“We sentence innocent people to their deaths.”
Andrea Woods is a Program Assistant for Witness to Innocence.
It is Death Penalty Awareness Week, and supporters of human rights across the country have turned their attention to a uniquely complicated injustice – the implementation of capital punishment in the United States. I applaud the excellent work being done by communities of faith, student organizations, and concerned citizens around this issue; I am a firm believer that the more education that takes place around the death penalty, the more difficult it becomes to support.
For many reasons the death penalty is an egregious violation of human rights. It is utilized in a manner that is racially-discriminatory and targets those who are poor, marginalized, and systematically vulnerable. It instigates cruelty, violence, and suffering in the name of justice. And it denies human beings the opportunity for the redemption, forgiveness, and healing in an ultimate way.
And we sentence innocent people to their deaths.
Since the 1976 national upholding of capital punishment laws, there
have been 139 people that were wrongfully convicted and condemned to
execution for a crime they did not commit. That’s 139 stories of trauma
and torture. They are 139 stories of cruelty and suffering, of human
error when the stakes were most critical. That number – 139 -
represents one innocent person for every 8 executions carried out in
I work to support these very people through an
organization called Witness to Innocence. Witness to Innocence is
composed of exonerated death row survivors and their loved ones -
people who’ve demonstrated more grace, resilience, and tenacity than I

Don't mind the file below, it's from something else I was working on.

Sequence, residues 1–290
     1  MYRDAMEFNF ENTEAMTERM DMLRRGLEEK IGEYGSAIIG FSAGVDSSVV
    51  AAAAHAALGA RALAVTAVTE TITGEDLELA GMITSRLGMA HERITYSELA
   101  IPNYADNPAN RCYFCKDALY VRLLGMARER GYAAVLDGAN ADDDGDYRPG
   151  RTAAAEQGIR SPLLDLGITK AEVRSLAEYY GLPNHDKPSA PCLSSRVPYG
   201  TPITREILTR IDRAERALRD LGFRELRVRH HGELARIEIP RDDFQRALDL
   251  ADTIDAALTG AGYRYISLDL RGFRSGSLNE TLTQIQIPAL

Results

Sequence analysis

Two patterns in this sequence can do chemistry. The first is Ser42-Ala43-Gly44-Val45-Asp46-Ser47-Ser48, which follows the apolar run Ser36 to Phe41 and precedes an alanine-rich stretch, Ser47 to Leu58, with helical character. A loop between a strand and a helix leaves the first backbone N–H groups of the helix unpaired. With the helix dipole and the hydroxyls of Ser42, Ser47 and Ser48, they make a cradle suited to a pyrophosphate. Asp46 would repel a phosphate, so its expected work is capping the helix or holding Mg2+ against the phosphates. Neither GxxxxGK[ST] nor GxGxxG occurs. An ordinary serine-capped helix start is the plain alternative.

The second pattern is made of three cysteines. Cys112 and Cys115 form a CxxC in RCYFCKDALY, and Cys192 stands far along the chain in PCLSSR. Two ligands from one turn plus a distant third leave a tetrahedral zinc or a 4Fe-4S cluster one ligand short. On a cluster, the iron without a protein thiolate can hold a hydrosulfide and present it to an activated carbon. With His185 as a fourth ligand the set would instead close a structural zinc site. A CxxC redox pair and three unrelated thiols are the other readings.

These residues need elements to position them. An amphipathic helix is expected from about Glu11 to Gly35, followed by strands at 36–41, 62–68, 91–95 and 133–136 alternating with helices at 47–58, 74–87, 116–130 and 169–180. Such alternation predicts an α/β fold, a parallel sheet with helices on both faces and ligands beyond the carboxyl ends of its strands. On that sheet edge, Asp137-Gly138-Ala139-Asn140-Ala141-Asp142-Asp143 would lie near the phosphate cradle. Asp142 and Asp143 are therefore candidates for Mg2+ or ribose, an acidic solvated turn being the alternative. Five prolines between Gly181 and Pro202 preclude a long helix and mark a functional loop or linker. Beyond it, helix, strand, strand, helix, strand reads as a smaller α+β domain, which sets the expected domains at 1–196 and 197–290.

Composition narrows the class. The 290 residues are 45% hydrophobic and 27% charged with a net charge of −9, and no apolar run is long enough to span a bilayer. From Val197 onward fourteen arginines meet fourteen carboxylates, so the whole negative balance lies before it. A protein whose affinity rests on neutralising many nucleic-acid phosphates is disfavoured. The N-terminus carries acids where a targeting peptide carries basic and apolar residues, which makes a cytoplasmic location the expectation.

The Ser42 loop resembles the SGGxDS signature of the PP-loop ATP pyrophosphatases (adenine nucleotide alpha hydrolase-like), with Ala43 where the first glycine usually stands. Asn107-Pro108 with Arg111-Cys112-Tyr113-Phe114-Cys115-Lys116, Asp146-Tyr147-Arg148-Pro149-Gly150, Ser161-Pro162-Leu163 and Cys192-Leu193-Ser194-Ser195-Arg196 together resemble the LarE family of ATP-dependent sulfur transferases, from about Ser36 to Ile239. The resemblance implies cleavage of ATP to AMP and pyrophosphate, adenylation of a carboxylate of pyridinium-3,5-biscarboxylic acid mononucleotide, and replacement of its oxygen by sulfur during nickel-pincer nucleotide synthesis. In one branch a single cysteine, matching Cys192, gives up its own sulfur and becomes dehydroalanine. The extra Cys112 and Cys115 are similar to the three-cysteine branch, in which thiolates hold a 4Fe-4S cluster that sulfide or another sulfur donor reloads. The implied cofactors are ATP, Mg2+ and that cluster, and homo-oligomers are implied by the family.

knew possible. This organization has dual missions: to provide a
peer-support network for the innocent exonerees and their families, as
well as to educate the American public about the reality of wrongful
convictions at the highest level. For years our witnesses have been
sharing their stories with student groups, communities of faith,
law-makers, and other audiences across the country. These testimonies
have an unprecedented way of transforming people’s perspective on the
issue of capital punishment. As we like to say, they bring a human face
to an issue that most of us would otherwise only consider
Through my connection to Witness to Innocence, I’ve heard the most
extraordinary – and true – stories. I’ve slammed, full-speed, into that
realization that our criminal justice system is nauseatingly cruel and
unfair. And yet, every time I want to resign myself to the immense
complexity of this problem, I am given a demonstration of hope by the
members of Witness to Innocence. Despite what they’ve been subjected
to, these men continue to march forward in the struggle for freedom and
justice. Even though it’s painful, they continue to speak out about
their experiences. Rather than succumbing to the paralysis of
bitterness, these men make themselves available to the anti-death
penalty community as a uniquely powerful voice for change.
Please visit our website, www.witnesstoinnocence.org,
to learn more about our partnership with Amnesty International’s Death
Penalty Awareness Week, and to consider hosting an event in your
community with one of our witnesses.
Even after the official week of action comes to a close, may we all continue in the fight for peace, empathy, and justice!